My Shoe History, Foot Pain and Zero Drop Shoes

Since it’s Tuesday, I’m joining the link-up organized by Zenaida and Kim (Kooky Runner)

The Topic for today is: Zero-Drop Shoes

How to Buy the Best Running Shoes | GQ

As a runner, I was always aware of how important your shoes are. I obsessed about them and never hesitated to buy another pair.

I knew about neutral shoes vs stability shoes and switched back and forth. Having bunions, I was always concerned about having a wide toe box and had no problems finding shoes that accommodated this.

In the beginning, I wore whatever felt comfortable: Saucony, Brooks, Asics, New Balance, Newton. I tried them all.

I finally settled on Nikes and wore them happily for several years.


Then I switched to Mizunos and loved them (even ran my Marathon in them).


Finally came my foot pain aka the Neuroma/Bunion issue.  I tried several shoes with a wide toe box. My foot still hurt so I kept returning them. Finally I settled on Hokas.


I still felt discomfort but it was bearable. I didn’t even realize that it may have been because they had a lower heel drop than I had been wearing.

I hesitated to go to Zero Drop until I hiked 10 miles in my Altra (Zero-drop) Trail shoes (that I only bought because they were on sale).  For the first time in a long time, my foot did not hurt.


Hmmm.  So I ordered a pair of Topos (They also have a wide toe box).  Not zero drop yet but a lower drop than my Hokas.

My foot felt a lot better.  It was sore but I actually ran 10 miles and did not have to go home immediately to ice my foot.

So I took the plunge and ordered Topos in a Zero-drop style.

that color was on clearance lol

Magical!! NO FOOT PAIN!!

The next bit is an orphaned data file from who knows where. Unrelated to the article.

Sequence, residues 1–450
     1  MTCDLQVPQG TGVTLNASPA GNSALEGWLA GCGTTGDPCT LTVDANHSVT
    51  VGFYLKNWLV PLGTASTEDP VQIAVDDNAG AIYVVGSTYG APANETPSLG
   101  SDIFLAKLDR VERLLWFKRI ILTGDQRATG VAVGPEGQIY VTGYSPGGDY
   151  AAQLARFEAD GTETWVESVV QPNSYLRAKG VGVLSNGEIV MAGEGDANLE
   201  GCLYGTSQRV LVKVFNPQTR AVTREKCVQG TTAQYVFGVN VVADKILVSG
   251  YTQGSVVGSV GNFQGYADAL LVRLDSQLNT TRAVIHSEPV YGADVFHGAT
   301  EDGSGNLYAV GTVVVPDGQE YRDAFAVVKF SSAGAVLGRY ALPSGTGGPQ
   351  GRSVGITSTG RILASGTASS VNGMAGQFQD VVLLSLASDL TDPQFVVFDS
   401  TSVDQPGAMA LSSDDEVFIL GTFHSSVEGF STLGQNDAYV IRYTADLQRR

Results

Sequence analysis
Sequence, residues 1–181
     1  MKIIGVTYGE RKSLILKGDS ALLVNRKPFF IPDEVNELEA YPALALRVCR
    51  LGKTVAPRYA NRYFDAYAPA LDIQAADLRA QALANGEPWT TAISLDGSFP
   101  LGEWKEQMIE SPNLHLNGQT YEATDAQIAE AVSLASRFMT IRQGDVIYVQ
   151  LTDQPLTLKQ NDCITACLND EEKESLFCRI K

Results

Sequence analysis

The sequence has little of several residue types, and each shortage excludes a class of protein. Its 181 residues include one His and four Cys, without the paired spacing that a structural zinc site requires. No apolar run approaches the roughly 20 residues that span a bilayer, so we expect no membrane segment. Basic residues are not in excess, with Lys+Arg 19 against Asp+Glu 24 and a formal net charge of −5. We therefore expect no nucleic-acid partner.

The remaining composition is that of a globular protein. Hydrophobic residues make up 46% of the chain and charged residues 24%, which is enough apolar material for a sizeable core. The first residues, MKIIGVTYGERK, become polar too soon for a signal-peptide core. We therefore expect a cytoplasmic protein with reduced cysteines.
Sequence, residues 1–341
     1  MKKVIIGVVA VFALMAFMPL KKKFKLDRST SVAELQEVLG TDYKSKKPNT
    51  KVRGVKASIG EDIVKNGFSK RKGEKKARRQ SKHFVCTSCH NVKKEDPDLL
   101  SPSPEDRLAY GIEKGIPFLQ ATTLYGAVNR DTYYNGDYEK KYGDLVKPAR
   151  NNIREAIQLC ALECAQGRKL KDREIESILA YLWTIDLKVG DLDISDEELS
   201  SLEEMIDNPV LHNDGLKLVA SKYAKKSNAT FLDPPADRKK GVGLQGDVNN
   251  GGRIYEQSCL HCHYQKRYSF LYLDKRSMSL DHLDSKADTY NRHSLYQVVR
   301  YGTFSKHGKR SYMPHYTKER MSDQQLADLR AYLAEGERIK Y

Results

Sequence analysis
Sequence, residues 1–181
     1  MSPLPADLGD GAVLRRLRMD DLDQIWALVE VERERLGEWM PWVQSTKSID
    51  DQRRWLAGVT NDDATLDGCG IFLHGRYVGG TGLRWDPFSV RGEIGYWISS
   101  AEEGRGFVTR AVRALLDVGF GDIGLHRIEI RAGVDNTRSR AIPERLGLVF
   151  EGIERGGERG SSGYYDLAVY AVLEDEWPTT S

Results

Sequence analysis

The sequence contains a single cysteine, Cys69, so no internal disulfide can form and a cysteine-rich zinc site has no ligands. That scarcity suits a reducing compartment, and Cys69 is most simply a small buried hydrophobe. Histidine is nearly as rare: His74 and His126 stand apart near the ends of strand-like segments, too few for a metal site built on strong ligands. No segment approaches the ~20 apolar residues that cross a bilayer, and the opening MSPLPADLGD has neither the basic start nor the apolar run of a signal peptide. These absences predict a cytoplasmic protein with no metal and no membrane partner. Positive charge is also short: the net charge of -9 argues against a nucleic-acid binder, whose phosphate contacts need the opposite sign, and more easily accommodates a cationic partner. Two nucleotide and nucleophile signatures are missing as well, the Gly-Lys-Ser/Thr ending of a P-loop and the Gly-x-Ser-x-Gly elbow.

• Mizuno Wave Inspire – Drop: 12 mm
  • Hoka Gaviota – Drop: 5 mm
  • Topo Fly-Lyte – Drop: 3 mm
  • Topo Magnifly – Drop: 0 mm

Maybe it was a coincidence and had nothing to do with a shoe with a lower heel drop.

But I decided to look into it.  And here’s what I discovered:

  • In zero-drop shoes, the heels and toes are the same distance off the ground (as in when you walk barefoot.)
  • The main benefit of zero-drop shoes is that, unlike regular shoes, they keep your foot in its natural position: level from heel to toe.
  • When runners start wearing zero-drop shoes, their posture and overall alignment improves.
  • Because zero-drop shoes engage the foot itself in absorbing the impact of running, they very often allow for greater foot movement (Most have a wider toe box.)
  • Because zero-drop shoes usually don’t have extra cushioning (though some do), they are made from less material. That helps maintain lighter weight, which can help your speed and improve your endurance.
  • Shoes with a high heel-to-toe drop encourage heel striking which can play a major factor when it comes to running-related knee pain.
  • If you’ve been wearing regular running shoes, don’t go right into zero-drop. A transition period is recommended to give your feet (and whole body) time to adjust to the new lower-drop in the heel.

Running Shoes: How to Choose the Best Running Shoes | REI Co-op

Obviously, zero-drop shoes are not for everyone.  And if your feet feel fine when you run, there’s no need to switch.

I do think, they worked for me because they put less pressure on my forefoot (where the pain was.)

I worry about the lack of support and cushioning (especially at my age). But right now, I’m enjoying being mostly pain-free (if only there were races to be run lol)

I did save one pair of Brooks, Nike and Mizunos just in case I want to go back (and gave the rest away.)

I’m also linking up here:

Formerly the Running Coaches’ Corner, it’s back with new co-hosts Coach Debbie RunsRunning on HappyConfessions of a Mother RunnerMile by MileRuns with Pugs, and Fauxrunner.

Happy Running! Have you tried Zero-Drop Running Shoes? Why or Why not? Please share.

34 thoughts on “My Shoe History, Foot Pain and Zero Drop Shoes

  1. So great that you managed to solve your foot issues, Darlene!
    That’s amazing that you found the solution in the zero-drop shoes.